Aug 30, 2017

Obituary: Joseph M. Hilbe 1944–2017

Joseph Hilbe

 

Joseph M. Hilbe, born in Los Angeles, California (December 30, 1944), passed away at his home on March 12, 2017. He was an American statistician and philosopher, the founding President of the International Astrostatistics Association (IAA), Emeritus Professor at the University of Hawaii, Solar System Ambassador with NASA’s Jet Propulsion Laboratory at California Institute of Technology, and Adjunct Professor of Statistics at Arizona State University.

Early in his career, Hilbe started making contact with prominent names in different fields. During his doctoral studies at University of California, Los Angeles, he had the opportunity to be a graduate reader of the Nobel Laureate in Economics, Friedrich von Hayek, and a personal assistant of one of the founders of the Logical Positivism and Vienna Circle, Rudolf Carnap.

Hilbe was also a two-time track and field US national champion, and was the University of Hawaii track and field coach in the 1970s and early 1980s. During this period the shot put world record was broken there and the university also produced an NCAA champion in the long jump. In his coaching activities, Hilbe already showed one strength which would forever mark his career and his personal life: an overwhelming dedication to fostering younger generations. Gwen Loud-Johnson (the 1984 NCAA long jump champion), remembers fondly the role Hilbe played in her story: “I came to Hawaii a girl, and left a woman, a wahine… and Joe was like a conductor—he orchestrated it.”

Back in his academic life, Hilbe also made a number of contributions to the fields of count response models and logistic regression. Among his most influential books are two editions of Negative Binomial Regression (Cambridge University Press, 2007, 2011), Modeling Count Data (Cambridge University Press, 2014), and Logistic Regression Models (Chapman & Hall/CRC, 2009). Modeling Count Data won the 2015 PROSE Honorable Mention Award for books in mathematics as the second best mathematics book published in 2014.

Joseph always had great love and energy for statistics, and he was a huge supporter of astrostatistics in particular. Without his drive and enthusiasm to bring the statistics and astronomy communities together, the IAA would not exist today. He worked with stamina and energy to strengthen the IAA and the field of Astrostatistics, and never failed to provide immense support to young researchers.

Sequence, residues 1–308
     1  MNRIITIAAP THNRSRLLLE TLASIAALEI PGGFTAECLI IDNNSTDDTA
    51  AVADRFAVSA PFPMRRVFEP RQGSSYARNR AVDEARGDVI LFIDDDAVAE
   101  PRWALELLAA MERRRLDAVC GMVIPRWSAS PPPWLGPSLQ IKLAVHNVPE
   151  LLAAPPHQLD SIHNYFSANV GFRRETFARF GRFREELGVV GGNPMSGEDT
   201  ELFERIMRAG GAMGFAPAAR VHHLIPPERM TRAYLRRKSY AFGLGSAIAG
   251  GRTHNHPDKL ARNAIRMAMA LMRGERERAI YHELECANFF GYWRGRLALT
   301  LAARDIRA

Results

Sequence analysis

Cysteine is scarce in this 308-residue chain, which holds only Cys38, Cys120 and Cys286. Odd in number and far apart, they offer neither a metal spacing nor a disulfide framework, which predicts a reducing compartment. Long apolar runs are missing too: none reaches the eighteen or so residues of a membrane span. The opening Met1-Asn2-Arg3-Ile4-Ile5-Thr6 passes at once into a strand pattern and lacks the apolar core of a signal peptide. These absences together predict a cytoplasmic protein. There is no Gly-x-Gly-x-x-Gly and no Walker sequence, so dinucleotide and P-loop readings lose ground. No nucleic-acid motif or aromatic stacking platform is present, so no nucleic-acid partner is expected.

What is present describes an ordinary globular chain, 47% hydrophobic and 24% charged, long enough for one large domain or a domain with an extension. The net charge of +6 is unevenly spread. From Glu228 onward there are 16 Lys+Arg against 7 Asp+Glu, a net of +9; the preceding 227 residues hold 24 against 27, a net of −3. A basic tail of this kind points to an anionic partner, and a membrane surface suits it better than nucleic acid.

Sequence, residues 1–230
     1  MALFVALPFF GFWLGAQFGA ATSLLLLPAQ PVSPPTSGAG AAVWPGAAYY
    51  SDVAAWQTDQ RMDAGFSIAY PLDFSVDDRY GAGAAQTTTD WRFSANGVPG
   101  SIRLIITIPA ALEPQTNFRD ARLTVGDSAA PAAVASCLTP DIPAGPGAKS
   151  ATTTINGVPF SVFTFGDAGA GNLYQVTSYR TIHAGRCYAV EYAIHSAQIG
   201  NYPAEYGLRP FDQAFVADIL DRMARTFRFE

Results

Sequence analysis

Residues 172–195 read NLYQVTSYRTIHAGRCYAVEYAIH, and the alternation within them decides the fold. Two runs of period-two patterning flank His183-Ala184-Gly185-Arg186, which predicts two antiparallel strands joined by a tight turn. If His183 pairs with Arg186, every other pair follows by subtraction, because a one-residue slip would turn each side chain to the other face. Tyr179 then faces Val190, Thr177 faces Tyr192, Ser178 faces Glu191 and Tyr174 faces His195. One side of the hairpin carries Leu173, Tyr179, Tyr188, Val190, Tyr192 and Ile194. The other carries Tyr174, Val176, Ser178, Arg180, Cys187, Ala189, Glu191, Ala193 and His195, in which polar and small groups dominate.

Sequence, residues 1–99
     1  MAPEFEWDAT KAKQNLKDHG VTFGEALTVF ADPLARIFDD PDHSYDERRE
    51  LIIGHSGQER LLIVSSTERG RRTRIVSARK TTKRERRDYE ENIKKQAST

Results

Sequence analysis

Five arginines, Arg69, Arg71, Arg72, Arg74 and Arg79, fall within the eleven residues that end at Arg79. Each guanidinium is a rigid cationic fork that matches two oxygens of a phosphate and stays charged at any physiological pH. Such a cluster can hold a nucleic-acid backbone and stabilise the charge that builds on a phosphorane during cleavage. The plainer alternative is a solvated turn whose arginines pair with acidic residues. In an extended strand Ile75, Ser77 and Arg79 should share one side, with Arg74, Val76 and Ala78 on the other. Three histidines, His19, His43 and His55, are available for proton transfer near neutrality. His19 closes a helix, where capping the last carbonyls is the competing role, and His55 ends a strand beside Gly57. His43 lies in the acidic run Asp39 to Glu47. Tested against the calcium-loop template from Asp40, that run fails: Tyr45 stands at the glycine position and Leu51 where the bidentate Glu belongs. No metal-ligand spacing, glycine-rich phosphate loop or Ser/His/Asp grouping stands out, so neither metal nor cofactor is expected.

This commitment was what brought us together. In 2014 he sponsored the creation of the Cosmostatistics Initiative (COIN) under the umbrella of the IAA: a group of young researchers working at the frontier of statistics and astronomy, and committed to creating a truly interdisciplinary community. Joseph embraced the broad proposal and worked closely with the newly formed group. Within a few years, this initiative had grown into a network involving more than 60 young researchers from 15 different countries, and five scientific papers. The group also nursed the project for his last book Bayesian Models for Astrophysical Data: Using R, JAGS, Python, and Stan (Cambridge University Press, 2017), which was finished just a few days before his passing. He worked tirelessly and with passion until his last moments.

During our long talks—which ranged from academic life, astronomy, statistics, the Brazilian carnival, beaches or the last adventures of his dog, Sirr—we were many times surprised about the limitless energy and the enthusiasm he presented in any conversation. Another precious characteristic of Joseph was that his caring nature was not restricted to humans. As the German philosopher Immanuel Kant once said, “We can judge the heart of a man by his treatment of animals”. On one particular occasion, Joseph missed one of our telecon meetings, for which he promptly explained the reason: He had spotted a small puppy in the street and immediately ran to rescue it from potential coyote attacks, common in the Arizona area. His unique qualities as a researcher and human being will be deeply missed.

He is survived by his loving wife Cheryl Hilbe; his children Heather Hilbe-Redfield and her husband James Redfield; Michael Hilbe; Mitchell Hilbe and his wife Ciara Hilbe; his grandchildren Austin, Shawn, Jordan and Kimber, and Joe’s daily companion, Sirr.

Written by Rafael de Souza, UNC-Chapel Hill, and Emille Ishida, Université Clermont-Auvergne

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